Toronto to offer help to storm-battered US East Coast

City Council comes together to offer aid in clean up, rebuilding

While Toronto escaped relatively unharmed from this week’s massive super storm Sandy, Deputy Mayor, Doug Holyday (Ward 3), says the city should count its blessings and step up to offer assistance to harder hit areas, such as New York City.

“You never know, it could be us in that situation, in need of some outside help,” Coun. Holyday told City Council Wednesday morning.

While admitting the idea was still in the formative stages, Coun. Holyday suggested bringing forward a motion to provide aid to sister cities along the U.S. Eastern seaboard that were hammered by Hurricane Sandy.

“I just think it would be a good gesture on our part to do it. I imagine there will be some cost, but it is money well spent. It’s the neighbourly thing to do,” he said.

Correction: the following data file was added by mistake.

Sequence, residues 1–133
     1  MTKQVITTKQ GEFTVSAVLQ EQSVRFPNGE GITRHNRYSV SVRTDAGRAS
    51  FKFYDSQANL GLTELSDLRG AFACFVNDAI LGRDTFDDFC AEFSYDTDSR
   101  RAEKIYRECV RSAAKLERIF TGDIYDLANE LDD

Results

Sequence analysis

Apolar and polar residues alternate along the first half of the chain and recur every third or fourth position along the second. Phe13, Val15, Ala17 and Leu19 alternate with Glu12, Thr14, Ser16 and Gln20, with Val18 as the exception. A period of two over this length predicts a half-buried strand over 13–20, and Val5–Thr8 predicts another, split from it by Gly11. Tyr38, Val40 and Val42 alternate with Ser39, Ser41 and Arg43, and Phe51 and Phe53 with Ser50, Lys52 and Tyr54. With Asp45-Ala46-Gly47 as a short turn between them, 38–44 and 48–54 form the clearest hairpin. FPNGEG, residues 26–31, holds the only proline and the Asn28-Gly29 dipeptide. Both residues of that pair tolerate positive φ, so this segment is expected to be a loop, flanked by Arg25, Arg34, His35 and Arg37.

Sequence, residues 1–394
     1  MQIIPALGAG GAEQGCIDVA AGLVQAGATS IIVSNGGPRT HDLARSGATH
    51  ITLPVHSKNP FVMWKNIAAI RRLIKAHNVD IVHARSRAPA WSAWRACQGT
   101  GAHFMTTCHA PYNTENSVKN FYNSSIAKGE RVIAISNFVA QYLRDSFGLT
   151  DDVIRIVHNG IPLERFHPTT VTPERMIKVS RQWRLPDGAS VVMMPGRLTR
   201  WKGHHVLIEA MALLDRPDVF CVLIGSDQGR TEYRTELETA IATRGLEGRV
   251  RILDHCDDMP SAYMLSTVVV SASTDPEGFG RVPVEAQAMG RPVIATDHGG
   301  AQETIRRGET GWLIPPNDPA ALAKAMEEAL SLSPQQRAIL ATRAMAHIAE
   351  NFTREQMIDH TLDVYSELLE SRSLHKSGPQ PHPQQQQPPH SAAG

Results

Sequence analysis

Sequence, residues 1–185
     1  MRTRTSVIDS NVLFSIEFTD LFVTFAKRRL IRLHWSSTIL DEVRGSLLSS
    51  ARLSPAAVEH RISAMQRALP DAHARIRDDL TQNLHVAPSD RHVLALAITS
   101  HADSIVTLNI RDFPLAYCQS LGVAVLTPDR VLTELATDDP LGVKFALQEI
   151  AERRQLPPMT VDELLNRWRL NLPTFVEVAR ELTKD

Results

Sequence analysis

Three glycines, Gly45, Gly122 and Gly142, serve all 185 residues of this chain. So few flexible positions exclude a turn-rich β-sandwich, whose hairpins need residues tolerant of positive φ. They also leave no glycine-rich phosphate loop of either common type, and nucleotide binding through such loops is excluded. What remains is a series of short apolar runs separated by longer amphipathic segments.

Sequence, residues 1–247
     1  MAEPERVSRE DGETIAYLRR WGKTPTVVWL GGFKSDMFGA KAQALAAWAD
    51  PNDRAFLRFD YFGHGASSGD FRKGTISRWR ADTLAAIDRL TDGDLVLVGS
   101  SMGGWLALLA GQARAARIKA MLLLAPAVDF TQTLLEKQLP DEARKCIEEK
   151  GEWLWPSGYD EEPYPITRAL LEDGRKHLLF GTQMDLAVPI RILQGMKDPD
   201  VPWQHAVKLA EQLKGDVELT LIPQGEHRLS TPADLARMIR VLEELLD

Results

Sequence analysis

Coun. Holyday admitted he couldn’t give a specific dollar figure on the aid, but thought Toronto could offer support by sending additional hydro crews and related emergency services,

Don Valley East Councillor Shelly Carroll (Ward 33) told the Toronto Observer that while offers of international aid was a federal responsibility, Toronto has pitched-in on previous occasions, such as Hurricane Katrina in 2005, and to do so now would be mutually beneficial in terms of training emergency responders.

“Each time they serve at emergency they bring their experiences back. We’re now actually quite good at the initial response help,” she said.

Holyday emphasized the support should take place after contacting NYC and matching the aid plan with their needs. He said he hoped it be as early as this weekend.

Earlier, the Toronto Transit Commission confirmed it too had offered personnel to help the New York subway authority get its flooded system back on track.

In the end, council voted to support the plan.